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Ingraham Trail to cost $16 million
Still grumblings about negotiated contract policy

Danielle Sachs
Northern News Services
Published Wednesday, May 16, 2012

It's expected the price tag for the realignment of the Ingraham Trail, a contract that's being given to the aboriginal development company, the Det'on Cho Corporation, will come to $16 million.

While no contract had been signed as of May 14, Roy Erasmus Jr., CEO of Det'on Cho Corporation, expects work to start in early June.

"It's a good policy that many Northern companies have benefited from, along with the Northern economy as a whole," said Erasmus.

The work was awarded through the GNWT's negotiated contracts policy, and has some opponents saying it wasn't the best option for a project of this scale.

Yellowknife MLAs Daryl Dolynny and Robert Hawkins have come out against the negotiated contract policy in this case, stating that other contractors should have had the opportunity to bid on the project.

"The negotiated contract policy is used for building capacity," said Dolynny. "But the Dettah Road project was also for building capacity. There are other companies that could have used this contract."

Dolynny also pointed out that this is the first sole-sourced contract of the fiscal year.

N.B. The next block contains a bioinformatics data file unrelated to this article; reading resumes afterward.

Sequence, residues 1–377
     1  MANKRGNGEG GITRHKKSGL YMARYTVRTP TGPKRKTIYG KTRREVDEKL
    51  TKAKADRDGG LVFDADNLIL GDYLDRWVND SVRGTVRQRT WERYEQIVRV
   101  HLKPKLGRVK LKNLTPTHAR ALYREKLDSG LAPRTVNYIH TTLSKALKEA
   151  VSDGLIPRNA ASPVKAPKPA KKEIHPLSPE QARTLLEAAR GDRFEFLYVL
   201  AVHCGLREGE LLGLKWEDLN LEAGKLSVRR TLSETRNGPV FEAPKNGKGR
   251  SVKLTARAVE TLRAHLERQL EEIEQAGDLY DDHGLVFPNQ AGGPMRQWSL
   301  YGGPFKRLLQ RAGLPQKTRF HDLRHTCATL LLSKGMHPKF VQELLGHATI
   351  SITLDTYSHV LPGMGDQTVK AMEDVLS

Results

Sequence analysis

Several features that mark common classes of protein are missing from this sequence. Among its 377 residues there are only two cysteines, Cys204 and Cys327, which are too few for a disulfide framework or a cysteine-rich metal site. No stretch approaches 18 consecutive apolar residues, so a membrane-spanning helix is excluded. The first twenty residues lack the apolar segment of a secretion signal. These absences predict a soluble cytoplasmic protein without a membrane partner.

"In 2011 and 2012, there were five negotiated contracts and zero sole sourced, this will be the first one."

Erasmus said regardless of current reports, there are a lot of benefits to the negotiated contract policy. "Well, number one we get the contract," he said. "With that, we get to develop our construction business and we can get more experience."

Erasmus points to keeping jobs in the North as one of the ultimate benefits.

"We hire from the North and for this project we've also engaged a number of other local contractors," he said.

Det'on Cho Corporation has already invested $10 million in the purchase of equipment for the Ingraham Trail Realignment Project. All of it was spent locally, according to Erasmus.

While Erasmus is obviously pleased with the awarding of the contract, he said there's no reason the company wouldn't have bid on the same project through a public tender process.

'The negotiated contracts policy gives the opportunity for more back and forth," said Erasmus. "If you just go with the straight bidding process, there's less room for negotiation. This way, you're able to bounce ideas around and get more value out of your money."

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